Health Care Current: August 5, 2014
This weekly series explores breaking news and developments in the U.S. health care industry, examines key issues facing life sciences and health care companies and provides updates and insights on policy, regulatory and legislative changes.
By Sarah Thomas, Research Director, Deloitte Center for Health Solutions, Deloitte Services LP
Over the years I’ve had the privilege of working in health care policy and research in a variety of areas, but in my heart, I am a Medicare payment policy person. Each year a number of reports come out on a more or less regular basis – the president’s budget, the Congressional Budget Office’s (CBO) long-term budget forecast and others. These reports are a policy wonk’s delight and help set the stage for new opportunities and constraints in future payment policy changes.
Most recently the Boards of Trustees of the Federal Hospital Insurance and Federal Supplemental Medical Insurance Trust Funds, which includes the heads of four government agencies and two public trustees, released their annual report. Each year this report educates Congress and the public about the fiscal health of the Medicare and Social Security programs. True to form, this year’s report contains a few tidbits that ought to keep my fellow policy wonks talking for at least a couple of weeks.
Medicare spending: slow and steady – for now, anyway
This year both the CBO and the Trustees found that Medicare spending is slowing. There were also two additional bits of good news: Part B premiums are not going up, and the program has added some years to its fiscal future (see story below). In my opinion, the phenomenon of slow growth in Medicare spending has been interesting. Some policy experts expected the economy to slow spending growth in the private insurance marketplace. But, what they did not expect to see was the lower spending in Medicare because for years the benefit designs and prevalence of secondary insurance have stayed the same and many people enrolled in Medicare do not work so they are less affected by high rates of unemployment than working people. However, budget estimates expected that the Affordable Care Act (ACA) would help the slowing as the law contains a number of provisions designed to reduce Medicare spending (e.g., reductions in payment to Medicare Advantage plans, hospitals and other health care providers).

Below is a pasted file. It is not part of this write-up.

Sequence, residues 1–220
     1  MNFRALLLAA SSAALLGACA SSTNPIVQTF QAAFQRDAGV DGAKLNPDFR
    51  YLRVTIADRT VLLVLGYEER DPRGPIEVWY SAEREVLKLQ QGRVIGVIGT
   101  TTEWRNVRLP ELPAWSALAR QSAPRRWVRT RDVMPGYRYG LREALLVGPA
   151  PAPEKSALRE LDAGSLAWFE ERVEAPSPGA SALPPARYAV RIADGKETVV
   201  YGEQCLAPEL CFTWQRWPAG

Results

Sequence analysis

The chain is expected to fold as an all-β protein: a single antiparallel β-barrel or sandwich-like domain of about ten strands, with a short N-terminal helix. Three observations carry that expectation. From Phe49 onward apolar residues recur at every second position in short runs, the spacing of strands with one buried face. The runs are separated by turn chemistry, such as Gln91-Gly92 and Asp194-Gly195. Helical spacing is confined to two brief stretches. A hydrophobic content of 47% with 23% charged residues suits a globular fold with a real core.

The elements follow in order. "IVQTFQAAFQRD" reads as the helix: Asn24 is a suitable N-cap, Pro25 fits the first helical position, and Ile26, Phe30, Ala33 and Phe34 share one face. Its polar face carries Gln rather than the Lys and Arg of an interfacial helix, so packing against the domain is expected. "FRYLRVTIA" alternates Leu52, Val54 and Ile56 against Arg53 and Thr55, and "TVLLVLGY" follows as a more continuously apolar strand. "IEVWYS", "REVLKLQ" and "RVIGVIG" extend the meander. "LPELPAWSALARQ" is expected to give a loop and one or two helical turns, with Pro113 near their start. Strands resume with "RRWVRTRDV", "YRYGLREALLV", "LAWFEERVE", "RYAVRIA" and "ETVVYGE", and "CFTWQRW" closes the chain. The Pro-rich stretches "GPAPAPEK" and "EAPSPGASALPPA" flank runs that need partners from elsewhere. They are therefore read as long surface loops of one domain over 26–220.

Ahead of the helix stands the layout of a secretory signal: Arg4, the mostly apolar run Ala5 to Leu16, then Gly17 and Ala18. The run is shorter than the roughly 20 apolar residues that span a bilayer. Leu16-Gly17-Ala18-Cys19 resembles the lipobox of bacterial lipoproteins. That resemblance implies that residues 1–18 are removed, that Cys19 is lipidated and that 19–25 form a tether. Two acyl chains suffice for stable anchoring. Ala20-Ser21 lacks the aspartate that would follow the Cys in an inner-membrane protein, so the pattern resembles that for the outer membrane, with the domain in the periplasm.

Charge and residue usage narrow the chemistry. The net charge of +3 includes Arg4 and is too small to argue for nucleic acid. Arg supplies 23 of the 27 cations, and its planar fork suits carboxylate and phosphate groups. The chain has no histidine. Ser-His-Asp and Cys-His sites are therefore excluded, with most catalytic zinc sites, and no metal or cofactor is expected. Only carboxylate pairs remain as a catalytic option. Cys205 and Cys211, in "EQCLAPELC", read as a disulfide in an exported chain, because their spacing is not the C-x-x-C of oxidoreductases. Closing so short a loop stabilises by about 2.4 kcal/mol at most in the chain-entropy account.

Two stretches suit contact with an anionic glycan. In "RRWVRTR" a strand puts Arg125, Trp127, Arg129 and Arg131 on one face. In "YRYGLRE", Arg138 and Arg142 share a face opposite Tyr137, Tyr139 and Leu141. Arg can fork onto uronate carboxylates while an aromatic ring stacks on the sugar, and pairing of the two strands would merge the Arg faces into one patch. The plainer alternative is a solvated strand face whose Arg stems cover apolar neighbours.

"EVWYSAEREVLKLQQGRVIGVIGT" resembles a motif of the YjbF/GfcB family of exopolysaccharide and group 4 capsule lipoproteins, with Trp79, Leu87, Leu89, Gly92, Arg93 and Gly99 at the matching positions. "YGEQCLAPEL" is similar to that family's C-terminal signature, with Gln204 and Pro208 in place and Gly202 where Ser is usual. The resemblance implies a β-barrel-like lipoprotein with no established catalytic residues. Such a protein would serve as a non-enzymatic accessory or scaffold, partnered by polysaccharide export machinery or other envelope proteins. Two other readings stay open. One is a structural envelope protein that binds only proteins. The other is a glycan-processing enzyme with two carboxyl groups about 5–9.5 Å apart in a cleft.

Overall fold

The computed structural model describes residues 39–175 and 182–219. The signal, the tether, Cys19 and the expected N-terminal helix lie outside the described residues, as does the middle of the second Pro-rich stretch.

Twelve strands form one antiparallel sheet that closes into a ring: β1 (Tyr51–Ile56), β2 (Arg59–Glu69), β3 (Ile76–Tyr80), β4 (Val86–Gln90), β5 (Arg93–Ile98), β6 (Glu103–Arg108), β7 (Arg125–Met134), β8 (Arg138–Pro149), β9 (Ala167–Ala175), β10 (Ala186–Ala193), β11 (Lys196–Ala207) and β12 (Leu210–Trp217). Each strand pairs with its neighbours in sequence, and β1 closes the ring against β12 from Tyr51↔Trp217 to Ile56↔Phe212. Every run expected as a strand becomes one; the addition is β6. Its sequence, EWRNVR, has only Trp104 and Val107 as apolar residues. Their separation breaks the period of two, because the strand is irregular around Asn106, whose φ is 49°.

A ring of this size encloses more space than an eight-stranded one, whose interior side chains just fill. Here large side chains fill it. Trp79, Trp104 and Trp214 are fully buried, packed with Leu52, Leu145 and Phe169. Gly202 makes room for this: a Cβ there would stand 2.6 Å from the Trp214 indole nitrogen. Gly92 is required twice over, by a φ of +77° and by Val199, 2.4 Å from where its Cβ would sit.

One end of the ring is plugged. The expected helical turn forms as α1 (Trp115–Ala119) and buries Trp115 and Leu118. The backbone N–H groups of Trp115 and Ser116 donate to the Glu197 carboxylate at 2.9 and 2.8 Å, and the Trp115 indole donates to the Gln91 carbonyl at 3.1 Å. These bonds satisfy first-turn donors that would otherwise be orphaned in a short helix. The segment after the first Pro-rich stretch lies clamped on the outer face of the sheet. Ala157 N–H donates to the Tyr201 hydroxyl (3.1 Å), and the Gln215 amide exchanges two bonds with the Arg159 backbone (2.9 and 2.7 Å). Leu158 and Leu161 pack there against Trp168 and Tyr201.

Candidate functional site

One impact of the longer period of fiscal stability for Medicare is that program-wide payment cuts triggered by high spending will be further delayed. The ACA calls for establishing a commission called the Independent Payment Advisory Board (IPAB) that would oversee a process of developing recommendations to Congress to cut Medicare spending in response to high spending in the program. The IPAB has been one of the more divisive policies in the legislative history of the ACA and it has not even been established – much less active – because of the slowdown in Medicare spending.
Future outlook: storm clouds on the horizon
The “good news” from the Trustees about Medicare also came with a caveat – things may be looking up for now, but the long-term trend is worrisome. As a society we should not be complacent. Public Trustee Robert Reichauer said during a briefing last week that in the long term, spending is expected to increase at rates higher than gross domestic product (GDP), and stakeholders should be considering action soon to change that trajectory. The Medicare Payment Advisory Commission has said for years that it would probably be easier – and less disruptive to the health care system – to try to change that trajectory now rather than waiting to take action until the problem gets even bigger down the road.
Several options are evergreen for long-term structural changes in Medicare. These include moving to premium support, changing benefits and coverage (including that of supplemental coverage) to make beneficiaries more cost conscious and raising the eligibility age. Each of these has pros and cons and different levels of impact depending on their design and when they are implemented.
Updated methodology: more treats for the policy wonks
An important change to the methodology in the report is how the Trustees treat physician payment. Until this year, the report’s actuaries have followed the CBO’s precedent in estimating spending given current law. But, after the 17th time that Congress voted to patch the sustainable growth rate, it seems the actuaries have shifted their models to assume that small increases, rather than huge cuts, will be made to payments. As a result, these predictions could lead to more stable estimates for Part B premiums and Medicare Advantage payment rates, both of which flow from the actuaries’ overall spending estimates. If the CBO were to follow this precedent, it could improve the chances of making changes to physician payment policy, which were derailed this year. Because the CBO uses current law as its baseline for estimates, the cost of reversing the physician payment update policy has been estimated to be $150-$200 billion. If the baseline were changed to a forecast based on what Congress is likely to do over time, the cost to reverse this policy could be much more modest or even budget neutral.